Op Ed: CCID’s Crypto Rankings Are Pointless (and They’re Not Official)
But what isn’t an opinion is the fact that the Chinese government had nothing to do with these ratings, despite the popular perception that it does.
The government doesn’t sponsor the rankings, it doesn’t endorse them and it sure as hell doesn’t make them. You have to understand this in order to rationalize the congratulatory and reinforced cognitive bias that TRON, NEO and EOS bagholders must feel when these ratings come out.
The latest iteration of CCID’s “Global Public Blockchain Technology Assessment Index” ranks EOS as the number one project, followed by TRON, Ethereum and BitShares. Bitcoin comes in at number 15.
“Hallelujah! The Chinese government says my bags are as good as gold! Justin Sun really is the messiah!” To the moon. Epic lambo time. Real millionaire hours. The sentiment and response to these rankings is generally something along these lines (think I’m making this up? Just check Twitter).
Why the Chinese government’s apparent stamp of approval is a plus to these people is lost on me — this is the same country that has banned over-the-counter (OTC) cryptocurrency exchanges and has a generally hardline stance against cryptocurrencies. But not to worry because, again, the ratings aren’t really coming from the Chinese government but from an independent ratings agency affiliated with the Chinese Ministry of Industry and Information Technology.
Still, whether a government or private entity, the source of the information doesn’t change the underlying point: these ratings (and the projects they tout) are a worthless assessment of the crypto industry’s frontrunning assets.
Not Government Vetted at All
This isn’t the first time that CCID has released cryptocurrency ratings and, by extension, it’s not the first time that these have been erroneously attributed to the Chinese government. Perhaps the name CCID looks stately and official to some readers, but Primitive co-founder Dovey Wan told me that this is the unofficial English name for the institute. In Mandarin, the company’s name (“赛迪,” which translates to “SadiiWang”) has no reference to China in it.
The misconception might also stem from the fact that when the first ratings were introduced in the summer of 2018, Chinese media framed the ratings as coming from China’s Ministry of Industry and Information Technology. In a South China Morning Post article entitled “China’s Ministry of Industry and Information Technology to publish ratings for blockchain projects — including bitcoin,” for example, journalist Amanda Lee writes that the CCID operates “under” the industry while also calling it a “government-backed institute.”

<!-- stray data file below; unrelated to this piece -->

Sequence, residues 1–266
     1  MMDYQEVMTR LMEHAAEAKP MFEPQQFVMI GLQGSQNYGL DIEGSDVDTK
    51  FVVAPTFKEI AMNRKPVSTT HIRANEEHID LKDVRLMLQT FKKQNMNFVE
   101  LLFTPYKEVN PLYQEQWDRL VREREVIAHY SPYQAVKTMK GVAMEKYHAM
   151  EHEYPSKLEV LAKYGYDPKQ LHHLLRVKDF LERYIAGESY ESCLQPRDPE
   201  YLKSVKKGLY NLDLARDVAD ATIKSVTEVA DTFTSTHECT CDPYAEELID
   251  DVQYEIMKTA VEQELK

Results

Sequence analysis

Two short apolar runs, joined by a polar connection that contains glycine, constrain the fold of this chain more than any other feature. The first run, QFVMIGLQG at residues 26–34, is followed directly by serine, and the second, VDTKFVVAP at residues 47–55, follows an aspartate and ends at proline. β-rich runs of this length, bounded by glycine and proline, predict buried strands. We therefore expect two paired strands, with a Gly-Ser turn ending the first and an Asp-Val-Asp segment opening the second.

Saying that the CCID is “under” or “backed by” China’s Ministry of Industry and Information Technology is not inaccurate, it is a misinterpretation and misrepresentation. Reporting that this support means that all of the institute’s research is straight from the government’s mouth would be akin to saying that scientific research funded by U.S. government grants are the product of the U.S. Office of Science.
“The part about being state-owned is overplayed by the western audience; they don’t have any government structure in place dictating what they do or don’t do on a day-to-day basis,” Ben Yorke, an American blockchain and technology blogger living in China, told me. “In China there are over 150,000 SOEs [state-owned-enterprise] that can claim ‘the backing’ of the government.”
On Twitter, Yorke opined how western audiences reacted to the ratings (yet again) because, as he told me over our DM conversation, “the majority of people with experience in China would ignore a list like this.”
Yorke contacted the curator of the list and explained that “the guy I spoke with on the phone straight up said that the rankings are their independent thing … [they] aren’t endorsed by the Ministry of Industry and Information Technology, which is what we’d be looking for if the rankings were more official.”
One glance at CCID’s Baidu Baike page (what amounts to China’s wiki) and it’s clear that the company is an independent media and IT consultant firm.
No Equal Footing
Even if the rankings were “more official,” it’d be hard to take them any more seriously. But since they aren’t official, we’ll focus on why we should take them less seriously.